WASHINGTON – President Bush on Thursday denied that the U.S. government is operating outside the law in its intelligence gathering programs and he ignored charges in a newspaper report that the National Security Agency is tracking the calling patterns of millions of Americans.
"The privacy of ordinary Americans is fiercely protected in all our activities," Bush said from the Diplomatic Room of the White House. "We're not mining or trolling through the personal lives of millions of innocent Americans."
In Thursday editions, USA Today reported that telephone calling patterns of millions of Americans are being tracked by NSA, with the help of three of the nation's largest telephone companies.
Officials at the NSA don't have records of customers' names, street addresses and other personal information, sources familiar with the program told USA Today. But advanced data mining techniques, and the wide availability of phone numbers, means NSA officials can easily look up who owns what numbers.
The program does not involve listening to or taping the calls. Instead it documents who talks to whom in personal and business calls, whether local or long distance, by tracking phone numbers dialed, the newspaper said. The hope is that the patterns could uncover terror-planning efforts.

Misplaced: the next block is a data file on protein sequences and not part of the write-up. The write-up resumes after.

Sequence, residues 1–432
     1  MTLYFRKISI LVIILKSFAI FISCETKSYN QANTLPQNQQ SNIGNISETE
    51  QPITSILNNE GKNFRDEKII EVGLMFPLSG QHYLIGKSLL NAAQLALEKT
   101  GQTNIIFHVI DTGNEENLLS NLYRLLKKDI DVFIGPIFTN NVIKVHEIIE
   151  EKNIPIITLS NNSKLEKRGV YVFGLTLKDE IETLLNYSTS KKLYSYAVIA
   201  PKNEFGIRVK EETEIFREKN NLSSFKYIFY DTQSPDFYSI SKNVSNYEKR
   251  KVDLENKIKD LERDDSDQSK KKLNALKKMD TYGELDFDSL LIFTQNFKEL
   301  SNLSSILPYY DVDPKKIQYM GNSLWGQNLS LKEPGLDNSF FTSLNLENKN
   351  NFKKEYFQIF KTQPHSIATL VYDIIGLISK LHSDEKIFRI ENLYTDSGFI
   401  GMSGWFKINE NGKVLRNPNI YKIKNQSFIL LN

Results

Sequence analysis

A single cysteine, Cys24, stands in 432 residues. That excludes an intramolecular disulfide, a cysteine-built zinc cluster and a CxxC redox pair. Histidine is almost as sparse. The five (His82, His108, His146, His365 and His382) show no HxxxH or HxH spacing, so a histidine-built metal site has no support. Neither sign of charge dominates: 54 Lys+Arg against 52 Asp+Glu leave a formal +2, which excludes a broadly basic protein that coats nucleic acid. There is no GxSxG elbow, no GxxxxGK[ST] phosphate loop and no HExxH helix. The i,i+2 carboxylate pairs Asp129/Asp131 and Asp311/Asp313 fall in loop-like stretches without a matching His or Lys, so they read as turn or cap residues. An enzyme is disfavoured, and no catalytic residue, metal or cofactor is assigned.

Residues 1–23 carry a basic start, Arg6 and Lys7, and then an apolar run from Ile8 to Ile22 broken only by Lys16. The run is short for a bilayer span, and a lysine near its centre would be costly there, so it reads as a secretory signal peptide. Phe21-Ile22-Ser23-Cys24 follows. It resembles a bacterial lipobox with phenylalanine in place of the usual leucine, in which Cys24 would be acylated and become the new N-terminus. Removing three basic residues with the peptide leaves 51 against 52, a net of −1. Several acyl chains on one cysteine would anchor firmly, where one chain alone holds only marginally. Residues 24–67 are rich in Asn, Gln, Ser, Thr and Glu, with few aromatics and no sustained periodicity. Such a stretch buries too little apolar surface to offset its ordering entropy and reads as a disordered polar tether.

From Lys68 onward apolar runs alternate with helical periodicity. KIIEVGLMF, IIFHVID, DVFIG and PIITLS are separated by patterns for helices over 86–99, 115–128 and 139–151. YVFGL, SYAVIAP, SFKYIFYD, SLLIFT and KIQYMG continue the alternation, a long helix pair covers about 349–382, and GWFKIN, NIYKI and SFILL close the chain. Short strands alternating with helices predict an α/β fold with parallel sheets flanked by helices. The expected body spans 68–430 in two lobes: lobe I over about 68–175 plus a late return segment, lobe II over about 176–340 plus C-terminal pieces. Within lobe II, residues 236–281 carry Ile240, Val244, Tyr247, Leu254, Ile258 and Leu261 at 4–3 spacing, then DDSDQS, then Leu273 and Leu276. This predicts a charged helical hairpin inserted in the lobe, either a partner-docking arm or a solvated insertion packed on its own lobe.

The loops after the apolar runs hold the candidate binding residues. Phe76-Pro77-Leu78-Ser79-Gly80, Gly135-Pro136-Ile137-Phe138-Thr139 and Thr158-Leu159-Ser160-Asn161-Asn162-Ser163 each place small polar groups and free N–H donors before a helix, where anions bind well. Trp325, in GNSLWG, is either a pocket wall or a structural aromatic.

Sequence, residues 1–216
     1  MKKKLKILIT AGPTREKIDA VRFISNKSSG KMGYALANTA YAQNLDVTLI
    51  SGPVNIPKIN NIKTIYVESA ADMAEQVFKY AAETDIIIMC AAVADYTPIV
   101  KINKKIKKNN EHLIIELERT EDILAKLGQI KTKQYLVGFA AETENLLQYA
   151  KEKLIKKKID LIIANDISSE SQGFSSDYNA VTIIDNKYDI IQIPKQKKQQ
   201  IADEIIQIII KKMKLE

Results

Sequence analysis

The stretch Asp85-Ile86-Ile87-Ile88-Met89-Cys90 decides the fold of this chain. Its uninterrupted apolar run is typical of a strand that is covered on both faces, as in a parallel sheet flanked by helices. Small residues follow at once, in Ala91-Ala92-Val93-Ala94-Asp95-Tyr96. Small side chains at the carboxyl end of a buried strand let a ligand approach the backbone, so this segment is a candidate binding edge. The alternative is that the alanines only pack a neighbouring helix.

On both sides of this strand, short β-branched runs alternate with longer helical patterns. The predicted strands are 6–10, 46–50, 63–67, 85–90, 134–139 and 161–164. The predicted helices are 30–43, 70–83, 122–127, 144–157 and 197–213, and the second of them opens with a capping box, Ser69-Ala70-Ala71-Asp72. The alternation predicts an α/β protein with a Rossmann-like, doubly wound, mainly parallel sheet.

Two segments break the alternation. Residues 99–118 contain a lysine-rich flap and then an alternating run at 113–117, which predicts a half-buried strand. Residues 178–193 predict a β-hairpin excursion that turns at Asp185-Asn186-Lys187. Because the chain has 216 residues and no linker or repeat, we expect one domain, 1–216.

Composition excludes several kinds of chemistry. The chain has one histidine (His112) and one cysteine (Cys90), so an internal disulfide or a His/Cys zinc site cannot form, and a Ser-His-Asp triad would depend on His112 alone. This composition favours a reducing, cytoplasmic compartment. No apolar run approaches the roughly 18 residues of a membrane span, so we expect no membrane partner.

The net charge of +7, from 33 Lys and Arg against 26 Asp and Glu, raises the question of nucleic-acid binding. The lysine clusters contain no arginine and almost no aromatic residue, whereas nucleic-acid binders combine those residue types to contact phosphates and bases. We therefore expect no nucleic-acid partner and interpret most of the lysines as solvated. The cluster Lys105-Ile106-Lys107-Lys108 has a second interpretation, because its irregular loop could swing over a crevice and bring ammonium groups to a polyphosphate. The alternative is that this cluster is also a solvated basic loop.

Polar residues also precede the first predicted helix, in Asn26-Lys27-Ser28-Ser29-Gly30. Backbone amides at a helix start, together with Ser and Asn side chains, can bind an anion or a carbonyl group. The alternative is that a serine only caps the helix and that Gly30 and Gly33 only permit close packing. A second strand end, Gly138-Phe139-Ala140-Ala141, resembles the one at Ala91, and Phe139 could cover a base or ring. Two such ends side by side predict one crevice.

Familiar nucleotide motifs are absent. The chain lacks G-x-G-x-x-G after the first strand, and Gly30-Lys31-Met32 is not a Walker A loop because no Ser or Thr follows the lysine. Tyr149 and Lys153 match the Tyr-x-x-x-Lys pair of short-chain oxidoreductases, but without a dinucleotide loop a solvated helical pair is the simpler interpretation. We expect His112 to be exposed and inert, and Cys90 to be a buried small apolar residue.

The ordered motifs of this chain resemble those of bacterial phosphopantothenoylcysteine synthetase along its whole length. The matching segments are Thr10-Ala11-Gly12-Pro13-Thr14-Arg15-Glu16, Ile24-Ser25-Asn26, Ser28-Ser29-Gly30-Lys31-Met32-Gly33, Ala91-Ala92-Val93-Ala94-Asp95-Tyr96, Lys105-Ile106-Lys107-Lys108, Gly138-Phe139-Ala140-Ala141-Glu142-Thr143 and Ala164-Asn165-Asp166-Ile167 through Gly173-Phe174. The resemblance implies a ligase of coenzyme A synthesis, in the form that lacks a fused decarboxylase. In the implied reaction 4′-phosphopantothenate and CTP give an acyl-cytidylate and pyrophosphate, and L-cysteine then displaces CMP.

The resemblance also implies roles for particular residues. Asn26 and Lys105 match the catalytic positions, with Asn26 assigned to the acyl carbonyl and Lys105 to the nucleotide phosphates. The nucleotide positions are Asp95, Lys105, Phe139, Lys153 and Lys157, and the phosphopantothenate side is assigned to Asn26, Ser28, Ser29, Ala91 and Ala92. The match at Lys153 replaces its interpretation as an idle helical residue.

"Our intelligence activities strictly target Al Qaeda and their known affiliates. Al Qaeda is our enemy and we want to know their plans," Bush said. "Second, the government does not listen to domestic phone calls without court approval. Third, the intelligence activities I authorized are lawful and have been briefed to appropriate members of Congress, both Republican and Democrat."
AT&T, Verizon and BellSouth, which collectively have 200 million customers, all agreed to hand over calling lists of its customers when the program began shortly after the Sept. 11, 2001, terror attacks. Denver-based Qwest, which provides local phone service to 14 million customers in 14 states in the West and Northwest, refused to participate due to concerns of the legal implications of handing over phone numbers to the government, USA Today reported.
News of the vastness of the telephone tracking program sent shock waves across Capitol Hill.
"The idea of collecting millions or thousands of phone numbers, how does that fit in to following the enemy? I need to know the answer to that and what the legal justification would one have," Sen. Lindsey Graham, R-S.C., told FOX News.